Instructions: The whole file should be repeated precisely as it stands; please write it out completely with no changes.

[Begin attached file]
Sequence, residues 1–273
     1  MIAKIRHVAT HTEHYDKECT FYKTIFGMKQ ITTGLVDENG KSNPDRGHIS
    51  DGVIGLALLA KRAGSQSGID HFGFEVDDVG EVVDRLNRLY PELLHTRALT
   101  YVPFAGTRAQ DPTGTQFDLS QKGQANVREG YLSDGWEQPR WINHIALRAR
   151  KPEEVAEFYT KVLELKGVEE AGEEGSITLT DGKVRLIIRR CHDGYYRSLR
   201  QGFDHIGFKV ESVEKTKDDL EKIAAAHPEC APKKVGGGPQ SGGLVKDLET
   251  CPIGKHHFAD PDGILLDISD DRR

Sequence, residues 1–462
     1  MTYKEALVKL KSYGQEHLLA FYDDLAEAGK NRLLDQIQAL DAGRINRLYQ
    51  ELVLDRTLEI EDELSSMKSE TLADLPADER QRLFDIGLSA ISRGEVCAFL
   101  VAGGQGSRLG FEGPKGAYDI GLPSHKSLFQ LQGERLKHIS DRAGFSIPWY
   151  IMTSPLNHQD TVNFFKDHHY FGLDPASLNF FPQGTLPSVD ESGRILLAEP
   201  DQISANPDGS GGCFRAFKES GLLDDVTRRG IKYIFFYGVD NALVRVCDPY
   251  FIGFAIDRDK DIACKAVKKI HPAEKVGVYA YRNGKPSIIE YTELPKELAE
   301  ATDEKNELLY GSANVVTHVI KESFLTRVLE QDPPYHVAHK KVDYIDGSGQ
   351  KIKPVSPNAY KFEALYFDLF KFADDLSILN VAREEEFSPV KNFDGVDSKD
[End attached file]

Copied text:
Sequence, residues 1–273
     1  MIAKIRHVAT HTEHYDKECT FYKTIFGMKQ ITTGLVDENG KSNPDRGHIS
    51  DGVIGLALLA KRAGSQSGID HFGFEVDDVG EVVDRLNRLY PELLHTRALT
   101  YVPFAGTRAQ DPTGTQFDLS QKGQANVREG YLSDGWEQPR WINHIALRAR
   151  KPEEVAEFYT KVLELKGVEE AGEEGSITLT DGKVRLIIRR CHDGYYRSLR
   201  QGFDHIGFKV ESVEKTKDDL EKIAAAHPEC APKKVGGGPQ SGGLVKDLET
   251  CPIGKHHFAD PDGILLDISD DRR

Sequence, residues 1–462
     1  MTYKEALVKL KSYGQEHLLA FYDDLAEAGK NRLLDQIQAL DAGRINRLYQ
    51  ELVLDRTLEI EDELSSMKSE TLADLPADER QRLFDIGLSA ISRGEVCAFL
   101  VAGGQGSRLG FEGPKGAYDI GLPSHKSLFQ LQGERLKHIS DRAGFSIPWY
   151  IMTSPLNHQD TVNFFKDHHY FGLDPASLNF FPQGTLPSVD ESGRILLAEP
   201  DQISANPDGS GGCFRAFKES GLLDDVTRRG IKYIFFYGVD NALVRVCDPY
   251  FIGFAIDRDK DIACKAVKKI HPAEKVGVYA YRNGKPSIIE YTELPKELAE
   301  ATDEKNELLY GSANVVTHVI KESFLTRVLE QDPPYHVAHK KVDYIDGSGQ
   351  KIKPVSPNAY KFEALYFDLF KFADDLSILN VAREEEFSPV KNFDGVDSKD